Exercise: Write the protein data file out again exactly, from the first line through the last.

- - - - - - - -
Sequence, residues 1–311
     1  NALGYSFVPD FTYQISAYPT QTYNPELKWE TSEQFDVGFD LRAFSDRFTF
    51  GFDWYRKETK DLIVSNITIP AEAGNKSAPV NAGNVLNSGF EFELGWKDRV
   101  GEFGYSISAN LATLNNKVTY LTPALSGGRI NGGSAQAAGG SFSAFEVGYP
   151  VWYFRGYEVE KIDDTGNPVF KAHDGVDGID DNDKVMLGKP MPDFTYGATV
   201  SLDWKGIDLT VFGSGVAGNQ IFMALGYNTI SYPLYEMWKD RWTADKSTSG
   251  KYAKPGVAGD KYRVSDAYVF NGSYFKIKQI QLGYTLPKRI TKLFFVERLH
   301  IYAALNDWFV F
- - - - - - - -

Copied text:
Sequence, residues 1–311
     1  NALGYSFVPD FTYQISAYPT QTYNPELKWE TSEQFDVGFD LRAFSDRFTF
    51  GFDWYRKETK DLIVSNITIP AEAGNKSAPV NAGNVLNSGF EFELGWKDRV
   101  GEFGYSISAN LATLNNKVTY LTPALSGGRI NGGSAQAAGG SFSAFEVGYP
   151  VWYFRGYEVE KIDDTGNPVF KAHDGVDGID DNDKVMLGKP MPDFTYGATV
   201  SLDWKGIDLT VFGSGVAGNQ IFMALGYNTI SYPLYEMWKD RWTADKSTSG
   251  KYAKPGVAGD KYRVSDAYVF NGSYFKIKQI QLGYTLPKRI TKLFFVERLH
   301  IYAALNDWFV F